Links to several great resources for understanding planned giving are included at the end of this article.
Step 2: Write
Once you’ve gotten a basic understanding of planned gifts, you’ll want to write up a short (1-2 pages would be fine) document explaining why people should remember your organization in their will, and briefly explaining just how easy it is to do so.
You should also provide a contact person at your organization who will handle calls relating to planned gifts.
Step 3: Publish
Next, I always suggest non-profits publish the information they developed in Step 2 in several places to make sure prospects and donors can find it easily. First, create a planned giving page on your website. Second, create a quick and easy planned giving brochure that you can hand out to prospective donors. Such a donor could be a more expensive full-color tri-fold brochure, or something as cheap and simple as a flyer run off on your in-house copy machine.
Step 4: Launch
You’ve done your research, written compelling copy, and published the information to make sure your donors can find it. Now, you’re ready to launch your first ever planned giving campaign.
First, go to your board. (Preferably, the board chair should launch this type of campaign at a board meeting, by seeking 100% board participation). Ask your board members to take the lead by remembering your non-profit in their will.
Next, go to your key donors and supporters, and ask them to make a planned gift to your organization. This should be treated like any other fundraising ask – and for significant donors, should be done on the phone or in person.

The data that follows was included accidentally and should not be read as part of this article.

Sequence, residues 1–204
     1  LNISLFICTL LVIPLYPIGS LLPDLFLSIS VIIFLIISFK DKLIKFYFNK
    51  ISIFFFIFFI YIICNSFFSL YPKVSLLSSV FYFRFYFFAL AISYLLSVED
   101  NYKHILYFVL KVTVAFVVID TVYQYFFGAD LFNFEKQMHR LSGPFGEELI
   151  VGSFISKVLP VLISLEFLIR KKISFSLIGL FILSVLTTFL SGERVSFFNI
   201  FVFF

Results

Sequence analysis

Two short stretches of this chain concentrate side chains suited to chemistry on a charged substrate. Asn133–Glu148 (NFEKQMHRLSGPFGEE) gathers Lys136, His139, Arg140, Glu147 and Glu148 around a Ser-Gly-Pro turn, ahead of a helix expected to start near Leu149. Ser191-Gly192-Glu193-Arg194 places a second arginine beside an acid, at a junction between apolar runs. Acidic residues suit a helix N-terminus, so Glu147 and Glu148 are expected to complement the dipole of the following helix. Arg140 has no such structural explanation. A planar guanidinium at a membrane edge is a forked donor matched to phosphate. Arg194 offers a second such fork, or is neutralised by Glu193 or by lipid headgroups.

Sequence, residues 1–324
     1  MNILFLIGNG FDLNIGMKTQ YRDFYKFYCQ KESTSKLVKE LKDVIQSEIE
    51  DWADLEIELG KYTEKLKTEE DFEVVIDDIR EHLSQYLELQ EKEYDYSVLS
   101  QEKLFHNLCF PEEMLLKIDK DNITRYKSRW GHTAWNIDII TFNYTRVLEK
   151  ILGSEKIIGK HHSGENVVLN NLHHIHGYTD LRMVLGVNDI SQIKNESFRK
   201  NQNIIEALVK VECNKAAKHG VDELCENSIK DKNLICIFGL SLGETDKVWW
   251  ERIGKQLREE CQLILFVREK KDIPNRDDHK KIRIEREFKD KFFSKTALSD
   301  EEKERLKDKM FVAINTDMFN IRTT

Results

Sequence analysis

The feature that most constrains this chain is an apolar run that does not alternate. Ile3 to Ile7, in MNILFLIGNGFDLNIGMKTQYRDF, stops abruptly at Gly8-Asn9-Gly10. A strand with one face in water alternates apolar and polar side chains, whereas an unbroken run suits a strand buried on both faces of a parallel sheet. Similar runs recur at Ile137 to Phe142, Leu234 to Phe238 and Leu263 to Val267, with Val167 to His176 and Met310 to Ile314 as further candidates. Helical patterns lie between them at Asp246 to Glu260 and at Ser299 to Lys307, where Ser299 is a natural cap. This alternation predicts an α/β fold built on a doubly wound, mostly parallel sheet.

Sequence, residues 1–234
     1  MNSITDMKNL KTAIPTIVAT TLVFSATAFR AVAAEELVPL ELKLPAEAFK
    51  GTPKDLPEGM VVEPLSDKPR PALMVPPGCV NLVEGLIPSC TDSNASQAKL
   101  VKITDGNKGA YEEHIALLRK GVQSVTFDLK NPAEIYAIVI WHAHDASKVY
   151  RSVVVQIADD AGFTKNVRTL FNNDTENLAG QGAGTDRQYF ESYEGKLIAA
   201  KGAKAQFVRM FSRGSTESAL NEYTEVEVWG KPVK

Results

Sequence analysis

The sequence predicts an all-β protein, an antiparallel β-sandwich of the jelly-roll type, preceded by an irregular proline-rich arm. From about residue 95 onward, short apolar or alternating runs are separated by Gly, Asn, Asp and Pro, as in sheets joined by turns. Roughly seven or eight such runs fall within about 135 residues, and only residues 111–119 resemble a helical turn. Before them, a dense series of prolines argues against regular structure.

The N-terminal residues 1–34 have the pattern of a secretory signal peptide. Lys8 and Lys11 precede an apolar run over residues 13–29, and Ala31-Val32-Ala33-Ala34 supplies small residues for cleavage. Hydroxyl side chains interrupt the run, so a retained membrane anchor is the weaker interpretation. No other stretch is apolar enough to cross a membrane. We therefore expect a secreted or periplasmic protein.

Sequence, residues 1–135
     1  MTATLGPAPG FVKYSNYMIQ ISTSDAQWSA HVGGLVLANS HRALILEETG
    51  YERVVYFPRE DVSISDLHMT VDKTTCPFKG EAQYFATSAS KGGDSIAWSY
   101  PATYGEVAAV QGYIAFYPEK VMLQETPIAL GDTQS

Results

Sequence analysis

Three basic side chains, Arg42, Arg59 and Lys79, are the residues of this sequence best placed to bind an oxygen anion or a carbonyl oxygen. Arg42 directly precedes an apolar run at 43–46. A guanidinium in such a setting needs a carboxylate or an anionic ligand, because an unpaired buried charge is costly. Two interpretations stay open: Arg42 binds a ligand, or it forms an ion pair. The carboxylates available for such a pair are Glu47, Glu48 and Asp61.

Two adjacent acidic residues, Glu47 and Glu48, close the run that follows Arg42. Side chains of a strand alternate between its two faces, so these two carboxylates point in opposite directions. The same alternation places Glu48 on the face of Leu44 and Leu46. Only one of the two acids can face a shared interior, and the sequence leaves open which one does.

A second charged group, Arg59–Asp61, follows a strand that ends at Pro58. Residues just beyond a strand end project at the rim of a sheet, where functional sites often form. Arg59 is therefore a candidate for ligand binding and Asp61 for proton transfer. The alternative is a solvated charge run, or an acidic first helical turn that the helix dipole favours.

Finally, depending on how often you make direct mail asks of your donor file, consider sending a mailing to your entire donor base asking them to consider remembering your organization in their wills.
Step 5: Recognize
One great way to encourage participation in your planned giving efforts is to recognize your planned giving donors in a Legacy Club or other donor group comprised of everyone who has told you that they have written your non-profit into their will.
As you approach new planned giving prospects, showing them a list of people who have made planned gifts to your organization will help them feel as if they are making a wise investment. Likewise, a Legacy Club will allow you to stay in constant contact with your planned givers to ensure that they don’t fall off of your radar and move their support to another organization.
Step 6: Include
Finally, be sure to include a small note on planned giving in almost everything your non-profit does. Planned giving information should be on your website, included in your newsletters, mentioned on your reply devices (“Check here to receive information on how to support our organization through a planned gift”). The more you remind your donors that you are seeking planned gifts, the more likely they will be to make them.
For more information on promoting your planned giving campaign, read: Simple Low or No-Cost Ways to Promote Planned Giving.
Photo Credit: Corey Olsen